Top Chef and UCI Alumna Contestant Melissa King
UC Irvine alumna Melissa King shows off her cooking skills as one of 16 contestants on season 12 of “Top Chef.” Tommy Garcia / Bravo

Anteaters are known for having sharp claws, not sharp knives, but that may change when UC Irvine alumna Melissa King joins the popular television cooking competition “Top Chef.”

She’s one of 16 “cheftestants” who put their culinary skills to the test in the show’s 12th season filmed in Boston and premiering Wednesday, Oct. 15, on Bravo.

Raised in Los Angeles, King earned a bachelor’s degree in psychology from UCI in 2005 and then enrolled at The Culinary Institute of America in Hyde Park, N.Y., graduating at the top of her class in 2007.

She lives in San Francisco where she has trained under several real-life top chefs including Ron Siegel (formerly of The Ritz-Carlton), Dominique Crenn of Atelier Crenn (the first woman in the U.S. to have a two-star Michelin restaurant), and Delfina’s Craig Stoll. King now works as a private chef for Kitchit, which provides chef-made meals in private homes.

Here, she talks about her UCI days, cooking and “Top Chef” – without spoiling the surprises in store this season.

You’ve said that you first learned to cook by helping your mother in the kitchen. What did you learn from her?

My mother taught me the basic fundamentals of home-style Chinese cooking. She taught me how to steam white rice, how to wash bok choy and how to hold a Chinese meat cleaver.

When did you decide you wanted to be a chef?

I started helping my mother put dinner on the table by age 6 and watched cooking shows while other children watched “Sesame Street.” I wanted to be a chef since I could remember, but my family suggested I explore it as a hobby in hopes that college would shift my career focus. I guess their master plan didn’t work out as intended.

Did you do much cooking during your undergraduate years at UCI?

While attending UCI, I lived off campus and would host a lot of dinner parties with friends or cook for my roommates, who were grateful for anything outside of ramen.My first professional job was at The Restaurant at the Getty Center as a pastry assistant and, eventually, a line cook. On my off days from school and nearly every holiday break, I found myself working there and loving every moment of it. It was my first taste of a real restaurant environment; I was hungry to learn as much as I could.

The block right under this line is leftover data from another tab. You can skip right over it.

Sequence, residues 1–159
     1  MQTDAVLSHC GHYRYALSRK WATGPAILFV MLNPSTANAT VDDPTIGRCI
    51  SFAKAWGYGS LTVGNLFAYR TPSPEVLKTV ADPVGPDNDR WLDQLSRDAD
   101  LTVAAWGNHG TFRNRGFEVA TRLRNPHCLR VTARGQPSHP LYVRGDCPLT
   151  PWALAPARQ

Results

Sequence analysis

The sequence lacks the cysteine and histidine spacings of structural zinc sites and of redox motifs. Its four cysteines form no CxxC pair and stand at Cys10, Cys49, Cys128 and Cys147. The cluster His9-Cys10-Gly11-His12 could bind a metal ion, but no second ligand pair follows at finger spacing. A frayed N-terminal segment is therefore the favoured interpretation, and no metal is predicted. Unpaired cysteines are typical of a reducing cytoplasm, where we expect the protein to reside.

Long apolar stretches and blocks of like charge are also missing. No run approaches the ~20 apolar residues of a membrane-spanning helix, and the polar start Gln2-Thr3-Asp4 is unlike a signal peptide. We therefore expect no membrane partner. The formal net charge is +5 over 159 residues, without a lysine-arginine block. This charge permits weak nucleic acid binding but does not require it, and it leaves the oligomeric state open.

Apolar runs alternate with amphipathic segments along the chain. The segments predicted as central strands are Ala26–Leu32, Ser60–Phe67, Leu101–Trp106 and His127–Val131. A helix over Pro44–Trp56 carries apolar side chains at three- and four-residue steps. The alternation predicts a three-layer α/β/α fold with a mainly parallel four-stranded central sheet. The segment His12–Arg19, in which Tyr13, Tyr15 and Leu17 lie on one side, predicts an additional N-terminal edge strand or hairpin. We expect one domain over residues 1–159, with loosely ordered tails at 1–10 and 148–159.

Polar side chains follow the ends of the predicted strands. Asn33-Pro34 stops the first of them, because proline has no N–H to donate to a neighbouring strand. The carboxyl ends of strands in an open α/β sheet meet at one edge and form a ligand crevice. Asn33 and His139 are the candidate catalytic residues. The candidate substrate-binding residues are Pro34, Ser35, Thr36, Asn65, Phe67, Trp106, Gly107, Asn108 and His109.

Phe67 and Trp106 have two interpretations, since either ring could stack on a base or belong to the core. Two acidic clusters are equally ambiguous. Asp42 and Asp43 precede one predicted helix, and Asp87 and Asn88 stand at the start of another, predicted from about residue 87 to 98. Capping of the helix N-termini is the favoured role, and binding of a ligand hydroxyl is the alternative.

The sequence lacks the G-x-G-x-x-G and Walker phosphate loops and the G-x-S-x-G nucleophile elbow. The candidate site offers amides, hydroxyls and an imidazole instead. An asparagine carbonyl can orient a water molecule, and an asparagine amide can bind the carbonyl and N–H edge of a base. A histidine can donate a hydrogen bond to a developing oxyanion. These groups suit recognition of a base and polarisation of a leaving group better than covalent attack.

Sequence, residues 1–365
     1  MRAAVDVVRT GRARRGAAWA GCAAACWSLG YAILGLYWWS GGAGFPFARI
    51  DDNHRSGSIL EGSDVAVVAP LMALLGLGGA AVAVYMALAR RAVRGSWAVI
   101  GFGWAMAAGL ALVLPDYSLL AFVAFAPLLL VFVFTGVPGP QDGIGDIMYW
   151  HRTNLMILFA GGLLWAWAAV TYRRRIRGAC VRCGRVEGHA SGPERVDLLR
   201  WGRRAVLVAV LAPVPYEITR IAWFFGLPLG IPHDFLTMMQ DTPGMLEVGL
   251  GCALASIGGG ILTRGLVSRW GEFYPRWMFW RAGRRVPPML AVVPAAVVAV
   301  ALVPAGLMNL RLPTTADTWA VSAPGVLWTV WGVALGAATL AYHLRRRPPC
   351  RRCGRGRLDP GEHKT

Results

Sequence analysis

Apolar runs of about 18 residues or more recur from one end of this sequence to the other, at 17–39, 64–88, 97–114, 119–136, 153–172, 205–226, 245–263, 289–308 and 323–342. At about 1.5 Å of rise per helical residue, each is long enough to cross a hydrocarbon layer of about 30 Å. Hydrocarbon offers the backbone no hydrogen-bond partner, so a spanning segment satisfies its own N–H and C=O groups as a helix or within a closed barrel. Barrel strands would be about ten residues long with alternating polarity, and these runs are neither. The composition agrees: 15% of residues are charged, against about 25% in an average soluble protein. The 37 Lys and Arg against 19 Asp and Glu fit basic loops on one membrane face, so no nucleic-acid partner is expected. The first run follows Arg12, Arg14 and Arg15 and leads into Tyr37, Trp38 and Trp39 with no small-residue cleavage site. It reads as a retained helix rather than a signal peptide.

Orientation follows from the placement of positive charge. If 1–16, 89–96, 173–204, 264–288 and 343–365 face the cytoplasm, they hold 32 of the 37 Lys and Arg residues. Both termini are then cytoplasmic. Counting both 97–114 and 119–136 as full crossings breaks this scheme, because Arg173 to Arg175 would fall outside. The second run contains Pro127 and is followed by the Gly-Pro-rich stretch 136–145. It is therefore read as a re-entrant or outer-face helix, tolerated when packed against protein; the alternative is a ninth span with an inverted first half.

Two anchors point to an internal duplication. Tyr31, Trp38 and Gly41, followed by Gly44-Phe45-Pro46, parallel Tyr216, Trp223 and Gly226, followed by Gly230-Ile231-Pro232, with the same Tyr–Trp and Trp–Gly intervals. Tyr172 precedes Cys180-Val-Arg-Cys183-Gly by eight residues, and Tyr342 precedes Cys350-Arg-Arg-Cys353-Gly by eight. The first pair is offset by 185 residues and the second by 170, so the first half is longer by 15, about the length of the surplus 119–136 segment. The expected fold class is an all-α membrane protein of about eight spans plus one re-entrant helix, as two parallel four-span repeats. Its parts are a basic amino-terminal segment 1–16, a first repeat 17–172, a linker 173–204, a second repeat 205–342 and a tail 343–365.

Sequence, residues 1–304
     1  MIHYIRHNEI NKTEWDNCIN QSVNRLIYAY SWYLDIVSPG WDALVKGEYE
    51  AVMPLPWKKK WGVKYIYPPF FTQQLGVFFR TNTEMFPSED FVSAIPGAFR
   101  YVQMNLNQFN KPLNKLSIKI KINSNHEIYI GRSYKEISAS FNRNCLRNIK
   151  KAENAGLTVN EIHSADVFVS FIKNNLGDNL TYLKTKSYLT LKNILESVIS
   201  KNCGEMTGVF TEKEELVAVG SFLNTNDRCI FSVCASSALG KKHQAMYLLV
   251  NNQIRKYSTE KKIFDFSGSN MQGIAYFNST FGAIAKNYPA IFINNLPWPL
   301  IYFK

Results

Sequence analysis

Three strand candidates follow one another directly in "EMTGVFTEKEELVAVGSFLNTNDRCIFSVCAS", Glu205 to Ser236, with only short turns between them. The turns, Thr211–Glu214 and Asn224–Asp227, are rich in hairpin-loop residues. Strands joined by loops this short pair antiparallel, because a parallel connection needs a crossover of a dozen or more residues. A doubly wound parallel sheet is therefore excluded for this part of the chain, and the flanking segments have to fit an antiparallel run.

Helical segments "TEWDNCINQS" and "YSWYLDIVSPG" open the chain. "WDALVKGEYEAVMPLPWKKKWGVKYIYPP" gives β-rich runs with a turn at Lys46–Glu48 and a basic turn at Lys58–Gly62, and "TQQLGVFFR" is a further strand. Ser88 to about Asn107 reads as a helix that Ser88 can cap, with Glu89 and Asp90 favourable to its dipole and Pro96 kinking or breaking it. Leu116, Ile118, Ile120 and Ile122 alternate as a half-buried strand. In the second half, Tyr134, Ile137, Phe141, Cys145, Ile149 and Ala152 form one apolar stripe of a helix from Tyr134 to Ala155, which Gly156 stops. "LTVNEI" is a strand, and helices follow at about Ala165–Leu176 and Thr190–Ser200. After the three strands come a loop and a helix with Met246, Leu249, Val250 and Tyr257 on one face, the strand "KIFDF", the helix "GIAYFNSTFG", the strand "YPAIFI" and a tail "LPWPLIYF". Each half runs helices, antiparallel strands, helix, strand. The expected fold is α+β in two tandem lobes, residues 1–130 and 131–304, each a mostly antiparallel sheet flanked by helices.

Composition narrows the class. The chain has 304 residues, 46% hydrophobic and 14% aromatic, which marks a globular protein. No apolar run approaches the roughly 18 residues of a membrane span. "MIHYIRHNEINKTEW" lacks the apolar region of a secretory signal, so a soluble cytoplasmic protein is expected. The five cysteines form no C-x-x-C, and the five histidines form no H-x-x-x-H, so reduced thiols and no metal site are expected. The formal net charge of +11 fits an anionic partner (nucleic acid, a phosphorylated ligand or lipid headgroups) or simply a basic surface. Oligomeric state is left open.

Did you learn anything at UCI, inside or outside the classroom, that helped you compete on “Top Chef”?

UC Irvine taught me how to interact with people from all walks of life. On “Top Chef,” not only do you have to compete, but you have to live with 15 other chefs from all over the nation, so I definitely had flashbacks to the roommate lifestyle.

You were a psychology major. Have you been able to apply what you studied to cooking?

Cognitive science has proven useful as a chef. There’s a lot of psychology behind managing a team of cooks in a hot, stressful kitchen, and it’s important to understand that not everyone will react the same under the same pressures.

What was the most challenging – and the most rewarding – part of being on “Top Chef?”

The most challenging part is that you’re pushed out of your comfort zone. The most rewarding part is that you’re pushed out of your comfort zone. It’s wildly intense but so much fun. To survive “Top Chef,” you have to learn how to improvise and adapt. I focused on putting out good food and staying positive. Yoga helped [with the stress] too.

What’s your favorite thing to cook?

I’ve always enjoyed working with fresh seafood. I love butchering down a whole fish and utilizing the bones for the base of a rich stock.

How would you describe your style of cooking? What has influenced you as a chef?

I’m a farm-to-table chef with a strong foundation in classic technique. Every restaurant [I’ve worked at] has influenced me in one way or another, and you can see those influences when you taste my food.